Built for the 1889 World’s Fair, the Eiffel Tower is a marvel of engineering brilliance. The original plans called for it to be torn down after 20 years, but it was a huge success with the public and soon proved it’s worth as a communications tower and was allowed to remain. It’s now a designated historical site and one of the most recognizable symbols in the world. I’ve been to Paris several times and have visited the Tower each time. There are two things about it that strike you  – it’s much bigger than you imagined, and, especially up close, it’s much more beautiful than you expected. Building codes instituted in the 1970s insure that the Eiffel Tower remains a prominent feature of the Paris skyline, unhindered by modern skyscrapers (the codes also protect the many other historic buildings in Paris, but it’s the Tower that most obviously benefits)

You can read more about Beatrice Colin and her research and writing process for this novel in an interview she did with Bonjour Paris.

Halfway Home from Seattle

Hello Readers!

How is your Seattle reading going? Have you found any gems? If you’re still looking, here are a few more recommendations.

The Boys in the Boat by Daniel Brown. I’ve recommended this book many times and have yet to hear from anyone that was disappointed. At its most basic, it’s the true story about the young men who represented the US in rowing in the 1936 Berlin Olympics, but there’s so much more. The majority of these athletes came from difficult backgrounds made worse by the Great Depression and worked hard not only to stay on the team, but to stay in school. The bulk of the story takes place at the University of Washington in Seattle and gives you a feel for 1930s Seattle and the great shifts that were beginning in its economy and outlook. Also, the book is can’t-put-down good.

The Art of Racing in the Rain by Garth Stein. This book is one of my all-time favorites. It’s funny and heartbreaking and beautiful. Told from the point-of-view of the family dog Enzo, it follows the story of Danny Swift as he works to become a professional auto racer. Along the way Denny falls in love, marries and has a daughter. After his wife dies, Denny must fight for his daughter. Through it all, Enzo, who wishes for opposable thumbs and the ability to speak, is Denny’s silent, loyal supporter. To be honest, Seattle does not have a starring role in this book, but Garth Stein lives in Seattle which gives the setting real authenticity.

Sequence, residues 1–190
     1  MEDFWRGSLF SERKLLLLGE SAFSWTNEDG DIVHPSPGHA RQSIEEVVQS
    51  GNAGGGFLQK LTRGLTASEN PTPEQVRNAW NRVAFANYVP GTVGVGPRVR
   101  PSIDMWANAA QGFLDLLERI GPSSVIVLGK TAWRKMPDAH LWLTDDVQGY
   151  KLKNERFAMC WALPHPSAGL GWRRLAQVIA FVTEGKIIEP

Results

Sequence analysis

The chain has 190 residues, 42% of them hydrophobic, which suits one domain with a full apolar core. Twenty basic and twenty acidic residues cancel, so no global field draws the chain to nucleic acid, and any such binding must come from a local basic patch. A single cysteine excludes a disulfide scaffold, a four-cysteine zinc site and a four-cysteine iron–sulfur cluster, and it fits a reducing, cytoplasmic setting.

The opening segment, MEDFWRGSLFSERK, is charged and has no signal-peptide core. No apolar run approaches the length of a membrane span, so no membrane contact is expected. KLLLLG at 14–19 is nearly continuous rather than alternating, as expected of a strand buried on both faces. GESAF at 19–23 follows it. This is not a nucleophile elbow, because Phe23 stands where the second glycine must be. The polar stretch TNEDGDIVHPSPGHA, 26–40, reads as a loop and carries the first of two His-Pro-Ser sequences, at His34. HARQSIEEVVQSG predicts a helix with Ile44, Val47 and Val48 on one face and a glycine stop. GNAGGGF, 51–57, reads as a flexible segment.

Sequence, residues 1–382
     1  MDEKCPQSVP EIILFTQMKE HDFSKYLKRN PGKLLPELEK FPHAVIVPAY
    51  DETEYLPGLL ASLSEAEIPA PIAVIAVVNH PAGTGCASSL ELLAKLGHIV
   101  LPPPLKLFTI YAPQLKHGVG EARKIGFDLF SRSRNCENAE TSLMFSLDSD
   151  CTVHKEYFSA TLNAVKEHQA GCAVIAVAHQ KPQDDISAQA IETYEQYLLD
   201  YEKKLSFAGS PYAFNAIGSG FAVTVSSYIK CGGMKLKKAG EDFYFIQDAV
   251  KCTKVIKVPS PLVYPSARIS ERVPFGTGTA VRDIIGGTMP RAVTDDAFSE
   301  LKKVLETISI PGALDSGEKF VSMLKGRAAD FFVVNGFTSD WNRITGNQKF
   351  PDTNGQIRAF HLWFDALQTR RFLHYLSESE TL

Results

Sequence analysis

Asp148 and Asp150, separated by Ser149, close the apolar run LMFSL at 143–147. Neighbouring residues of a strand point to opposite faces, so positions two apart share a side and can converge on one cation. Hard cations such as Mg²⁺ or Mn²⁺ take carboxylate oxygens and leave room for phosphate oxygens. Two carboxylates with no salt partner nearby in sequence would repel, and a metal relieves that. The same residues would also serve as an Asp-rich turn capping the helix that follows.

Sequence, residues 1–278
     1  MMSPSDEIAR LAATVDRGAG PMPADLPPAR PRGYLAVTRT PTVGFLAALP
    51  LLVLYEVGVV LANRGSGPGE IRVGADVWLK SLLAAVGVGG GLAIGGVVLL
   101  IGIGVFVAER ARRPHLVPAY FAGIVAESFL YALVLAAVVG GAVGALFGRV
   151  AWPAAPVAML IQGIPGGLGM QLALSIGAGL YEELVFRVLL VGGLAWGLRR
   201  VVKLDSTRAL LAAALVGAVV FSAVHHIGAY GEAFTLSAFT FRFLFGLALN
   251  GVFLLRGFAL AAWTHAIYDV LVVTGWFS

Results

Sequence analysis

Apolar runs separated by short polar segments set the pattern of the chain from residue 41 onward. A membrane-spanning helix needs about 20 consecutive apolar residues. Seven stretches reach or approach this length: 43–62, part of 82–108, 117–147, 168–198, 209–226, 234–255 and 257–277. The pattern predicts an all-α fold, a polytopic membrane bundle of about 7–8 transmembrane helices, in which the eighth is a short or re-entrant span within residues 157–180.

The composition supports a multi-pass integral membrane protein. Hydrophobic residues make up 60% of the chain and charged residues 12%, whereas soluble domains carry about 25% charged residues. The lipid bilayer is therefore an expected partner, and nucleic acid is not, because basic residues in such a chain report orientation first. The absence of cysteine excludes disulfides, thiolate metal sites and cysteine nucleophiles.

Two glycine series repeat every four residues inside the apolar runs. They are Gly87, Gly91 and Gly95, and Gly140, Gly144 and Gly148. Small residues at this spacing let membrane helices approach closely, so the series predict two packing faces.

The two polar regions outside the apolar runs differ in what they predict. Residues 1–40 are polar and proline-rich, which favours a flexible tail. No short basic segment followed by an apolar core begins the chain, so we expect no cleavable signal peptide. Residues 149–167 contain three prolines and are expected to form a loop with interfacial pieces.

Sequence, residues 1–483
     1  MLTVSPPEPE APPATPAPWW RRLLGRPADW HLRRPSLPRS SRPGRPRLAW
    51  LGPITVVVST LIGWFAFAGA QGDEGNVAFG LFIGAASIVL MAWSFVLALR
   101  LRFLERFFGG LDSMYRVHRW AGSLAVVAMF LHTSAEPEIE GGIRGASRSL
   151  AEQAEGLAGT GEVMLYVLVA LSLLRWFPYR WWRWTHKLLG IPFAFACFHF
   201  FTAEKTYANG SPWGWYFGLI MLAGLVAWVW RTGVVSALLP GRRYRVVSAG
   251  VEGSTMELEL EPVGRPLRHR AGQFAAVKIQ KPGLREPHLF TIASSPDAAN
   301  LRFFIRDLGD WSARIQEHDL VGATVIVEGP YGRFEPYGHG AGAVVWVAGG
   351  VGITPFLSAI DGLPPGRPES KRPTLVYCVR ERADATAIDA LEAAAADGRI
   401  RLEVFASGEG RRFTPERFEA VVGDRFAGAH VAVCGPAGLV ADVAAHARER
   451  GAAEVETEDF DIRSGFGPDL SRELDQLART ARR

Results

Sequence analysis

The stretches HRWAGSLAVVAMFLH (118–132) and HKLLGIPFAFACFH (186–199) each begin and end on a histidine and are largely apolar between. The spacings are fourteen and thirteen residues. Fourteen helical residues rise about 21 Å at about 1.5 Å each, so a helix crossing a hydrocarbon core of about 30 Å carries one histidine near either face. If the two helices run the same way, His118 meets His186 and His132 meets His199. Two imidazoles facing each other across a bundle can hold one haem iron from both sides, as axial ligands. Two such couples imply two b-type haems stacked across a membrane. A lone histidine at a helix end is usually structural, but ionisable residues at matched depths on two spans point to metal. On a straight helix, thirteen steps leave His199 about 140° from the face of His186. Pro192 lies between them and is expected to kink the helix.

Or go grunge, put on a flannel shirt and listen to some Kurt Cobain and Nirvana. (Did I get that right? The grunge movement completely missed me) Try Montage of Heck or Nevermind. Or try a documentary about the grunge movement such as Soaked in Bleach. Remember, you don’t have to read a book – watching a movie or listening to music also count (um, so long as it has something to do with Seattle!)

I’m still reading Where’d You Go Bernadette by Maria Semple and so far, I’m loving it. It took me several pages to catch onto the rhythm of the writing – it’s told through a combination of texts, emails, letters and narrative – and figure out the cast of characters, but I caught on soon enough. I’m loving Bernadette’s snarky remarks and her brand of crazy (although I suspect there’s more going on) So far, it’s been a great read.

Now, over to you – what are reading/watching/listening to this month?

Book Crafts – Book Folding

Hi! Welcome to Book Crafts where we explore book-related crafts. Sometimes we’ll use an old book (NOT a library book!) and sometimes we’ll try our hand at making our own tiny books and journals.

(If you’re uncomfortable with reworking an old book into something new, you might want to skip this series! I prefer to think of it as extending the life of the book and giving it a new purpose while still celebrating the written word. And, it’s fun.)

Today we’re going to try Book Folding. This is where you take an old book, fold some of the pages in a prescribed pattern to create an image or word with the pages. OK, that sounds kind of convoluted. Here’s a picture of our finished craft:

This heart is a very simple pattern (and quick to complete). If you do a Google or Pinterest search you will find oodles of these designs, many of them extremely intricate and complicated, but we’re going to go with beginner level. Here are the materials you’ll need:

A book (duh), a ruler with centimeter markings and a pencil (you don’t need to use a fancy pencil like this, but isn’t it pretty?). A bone folder (a piece of hard plastic with a smooth edge used in bookbinding and other crafts) comes in handy but isn’t required.